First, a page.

In this compelling presentation by Clay referred by Steve in his post, Clay tells an extraordinary story and experience about steel and milk shake, and many other great insights about how technology and strategies have caused company’s growth and demise.
“Firms need to be evaluating future investments strategically in terms of how they will affect their capacity to go on delighting their customers for a sustained period in the future.
For managers trained in traditional business school thinking, the idea that pursuit of profit is the problem, rather than the solution to the economy’s problems, may come as a shock. For business school professors who have spent their lives teaching the focus on profits and the use of IRR and RONA to measure profits, the coming change may be even more disturbing.
Like all new ideas, in the first instance it will be rejected. Then it will be ridiculed. Finally it will be self-evident and no one will be able to remember why anyone ever thought otherwise.”
Clay asks twice: Have I told the story before? He also re-tells the stories of successes and failures that were learnt from history, which seems to reflect similar patterns of disruption due to technology followed by successes for the copied producers and competitors in the niche market – who know how to copy the products and technology and leverage the value proposition offered to the giants, and killing the giants progressively and successfully. That is a great lesson for everyone in the business and education to learn.
In reflection, this has happened to big education business, and even prominent education providers, including lots of HE and VET institutions, where their core competencies have been gradually shaken off by the other niche and “smart” providers in the education “market”, causing lots of disruption to their main areas of expertise. As Clay has mentioned, this has impacted on how education been delivered, and how small and more “aggressive” and customized education providers have been able to penetrate into the online learning market, and succeeded in taking a significant market share in the education and training business.
Why was this phenomena in disruption of technology also happening in the education (HE and VET) in particular? May be Clay could elaborate on this pattern using his model developed too. There are still lots of gaps in our understanding of the disruptive force due to technology on our education, learning and ecology.
Innovation in education and learning via networks, technology, media and its affordance
This may also be the case with MOOC, when it has been perceived as a way to innovate and “revolutionise” the way education and learning has been delivered in individual formal institutions. This was based on the premises that existing education system is mostly silo based, with individual faculties, and specialized courses and walled gardens, based on standardized curriculum as the only acceptable education for accreditation.
What MOOCs have now offered, say with the MOOCs, Stanford University’s Artificial Intelligence (AI) and Machine Learning (ML) courses and the latest MIT’s MITx initiative are viewed as new and wonderful experiments, packed with lots of growth opportunities.
“President Hockfield called this “a transformative initiative for MIT and for online learning worldwide. On our residential campus, the heart of MIT, students and faculty are already integrating on-campus and online learning, but the MITx initiative will greatly accelerate that effort. It will also bring new energy to our longstanding effort to educate millions of able learners across the United States and around the world. And in offering an open-source technological platform to other educational institutions everywhere, we hope that teachers and students the world over will together create learning opportunities that break barriers to education everywhere.”” MITx initiative.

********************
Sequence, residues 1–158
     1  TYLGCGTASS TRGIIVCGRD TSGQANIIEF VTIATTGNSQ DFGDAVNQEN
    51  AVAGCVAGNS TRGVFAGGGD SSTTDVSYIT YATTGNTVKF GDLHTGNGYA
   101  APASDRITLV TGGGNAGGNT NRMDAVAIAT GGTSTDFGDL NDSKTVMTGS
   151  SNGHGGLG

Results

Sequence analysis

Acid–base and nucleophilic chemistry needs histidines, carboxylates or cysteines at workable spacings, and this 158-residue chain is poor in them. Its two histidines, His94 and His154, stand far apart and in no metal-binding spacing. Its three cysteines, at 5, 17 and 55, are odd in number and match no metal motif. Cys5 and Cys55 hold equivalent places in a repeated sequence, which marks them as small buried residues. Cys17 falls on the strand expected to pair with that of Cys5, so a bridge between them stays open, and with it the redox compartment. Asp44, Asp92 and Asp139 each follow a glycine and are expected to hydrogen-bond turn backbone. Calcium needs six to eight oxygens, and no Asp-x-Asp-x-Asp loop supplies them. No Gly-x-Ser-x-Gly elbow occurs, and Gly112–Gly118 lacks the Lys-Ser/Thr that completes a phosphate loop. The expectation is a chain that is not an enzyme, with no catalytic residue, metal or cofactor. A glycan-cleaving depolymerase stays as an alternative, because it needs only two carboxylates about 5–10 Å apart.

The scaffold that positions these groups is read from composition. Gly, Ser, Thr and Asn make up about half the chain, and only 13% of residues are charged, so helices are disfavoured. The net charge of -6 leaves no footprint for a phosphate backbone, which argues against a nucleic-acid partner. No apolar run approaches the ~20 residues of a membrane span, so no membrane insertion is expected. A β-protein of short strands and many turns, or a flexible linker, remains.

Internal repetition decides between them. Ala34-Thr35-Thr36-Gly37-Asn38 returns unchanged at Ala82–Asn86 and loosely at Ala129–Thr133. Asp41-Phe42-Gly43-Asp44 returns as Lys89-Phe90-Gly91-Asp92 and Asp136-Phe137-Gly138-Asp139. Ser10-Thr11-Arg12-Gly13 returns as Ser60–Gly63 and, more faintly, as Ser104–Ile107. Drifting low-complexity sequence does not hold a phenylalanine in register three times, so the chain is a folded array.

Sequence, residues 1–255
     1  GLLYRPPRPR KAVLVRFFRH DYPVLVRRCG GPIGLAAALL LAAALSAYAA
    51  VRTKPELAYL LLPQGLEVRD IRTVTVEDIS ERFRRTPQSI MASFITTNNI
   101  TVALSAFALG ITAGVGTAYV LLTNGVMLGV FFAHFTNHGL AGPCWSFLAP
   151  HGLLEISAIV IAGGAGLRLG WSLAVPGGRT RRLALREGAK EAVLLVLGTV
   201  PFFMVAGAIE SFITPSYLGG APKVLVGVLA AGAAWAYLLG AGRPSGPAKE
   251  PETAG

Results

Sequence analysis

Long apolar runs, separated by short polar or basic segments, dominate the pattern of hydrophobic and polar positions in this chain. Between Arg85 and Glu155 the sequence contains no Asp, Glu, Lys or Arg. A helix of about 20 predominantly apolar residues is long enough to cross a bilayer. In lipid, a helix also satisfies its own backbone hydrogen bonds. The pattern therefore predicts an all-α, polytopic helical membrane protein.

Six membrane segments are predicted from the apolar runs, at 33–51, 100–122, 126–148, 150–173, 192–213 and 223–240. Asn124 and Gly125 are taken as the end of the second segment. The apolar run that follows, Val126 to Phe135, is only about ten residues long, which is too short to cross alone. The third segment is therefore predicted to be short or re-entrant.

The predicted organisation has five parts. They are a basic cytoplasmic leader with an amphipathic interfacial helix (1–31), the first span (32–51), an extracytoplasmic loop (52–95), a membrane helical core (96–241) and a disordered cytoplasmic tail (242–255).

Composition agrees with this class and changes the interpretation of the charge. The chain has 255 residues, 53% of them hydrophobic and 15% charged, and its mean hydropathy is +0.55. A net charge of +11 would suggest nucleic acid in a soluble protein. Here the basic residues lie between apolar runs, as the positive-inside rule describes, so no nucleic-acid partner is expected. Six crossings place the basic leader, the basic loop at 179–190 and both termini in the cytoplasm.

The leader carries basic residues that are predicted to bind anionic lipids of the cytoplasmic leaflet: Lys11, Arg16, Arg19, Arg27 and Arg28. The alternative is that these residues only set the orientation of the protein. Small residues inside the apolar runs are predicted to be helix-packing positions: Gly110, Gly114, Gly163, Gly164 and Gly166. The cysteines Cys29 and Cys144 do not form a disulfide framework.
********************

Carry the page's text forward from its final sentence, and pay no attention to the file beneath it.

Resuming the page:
Do these mark out the strategic move to overcome the “disruptive education coupled with technology” in the education market?
Value proposition as offered through open-sourced education and free-of-charge participation and engagement is quite fitting into the notion mentioned by Clay: “Whereas products are easy to copy, integration around a job creates defensible differentiation”.
So, my take away from this reflection is: Product (such as education, and MOOC) is simple enough to copy, especially in Higher Education, experience is however difficult to be repeated, solely by the copying of the product alone. As mentioned in my past posts, no two stories (MOOCs or online learning experiences) are the same, due to complexities of learning, education, ecology and state of technologies.
Have I told the story before? As mentioned by Clay. We might have told these stories repetitively, and some people still believe in looking at few aspects of the equation – to improve learning and education, that is improve teachers’ performance, introduce more technology into the curriculum, or improve the curriculum. We might need to know and understand what makes a valuable learning experience and what drives customers (learners) to “buy” (learn) the products instead.
However, if we are just thinking about what the customers (learners) want, then I think we have missed lots of opportunities, as they may only believe in learning with certain educators, experts, and not through the affordance of technologies, or the stories, just as Clay has mentioned, which are worthy of our reflection. We just need to be careful in reflecting on what these stories mean for our learning, and not what we are being told by others, or by writers of books, or the mere reading of books or posts.